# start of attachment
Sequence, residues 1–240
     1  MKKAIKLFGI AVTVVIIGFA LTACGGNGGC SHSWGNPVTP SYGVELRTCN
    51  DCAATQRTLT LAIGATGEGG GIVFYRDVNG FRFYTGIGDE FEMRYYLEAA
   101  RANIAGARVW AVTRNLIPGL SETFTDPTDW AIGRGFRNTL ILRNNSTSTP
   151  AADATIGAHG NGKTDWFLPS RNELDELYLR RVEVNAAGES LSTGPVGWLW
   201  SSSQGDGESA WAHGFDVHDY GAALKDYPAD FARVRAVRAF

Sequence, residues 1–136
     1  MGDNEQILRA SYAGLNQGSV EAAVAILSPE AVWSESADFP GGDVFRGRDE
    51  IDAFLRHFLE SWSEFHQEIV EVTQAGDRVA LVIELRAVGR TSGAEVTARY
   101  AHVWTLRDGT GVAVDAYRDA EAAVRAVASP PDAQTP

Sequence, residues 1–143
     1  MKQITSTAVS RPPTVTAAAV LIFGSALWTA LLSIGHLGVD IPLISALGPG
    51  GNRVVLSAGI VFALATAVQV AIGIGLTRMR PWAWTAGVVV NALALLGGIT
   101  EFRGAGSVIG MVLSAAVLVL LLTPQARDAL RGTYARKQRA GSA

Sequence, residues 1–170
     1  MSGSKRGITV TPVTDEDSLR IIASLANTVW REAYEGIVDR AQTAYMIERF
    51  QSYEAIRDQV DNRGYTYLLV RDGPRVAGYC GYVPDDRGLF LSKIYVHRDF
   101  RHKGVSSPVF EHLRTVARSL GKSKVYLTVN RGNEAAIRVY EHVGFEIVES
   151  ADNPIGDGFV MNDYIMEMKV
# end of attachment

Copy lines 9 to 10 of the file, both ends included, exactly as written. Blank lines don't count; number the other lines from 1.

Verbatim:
    51  IDAFLRHFLE SWSEFHQEIV EVTQAGDRVA LVIELRAVGR TSGAEVTARY
   101  AHVWTLRDGT GVAVDAYRDA EAAVRAVASP PDAQTP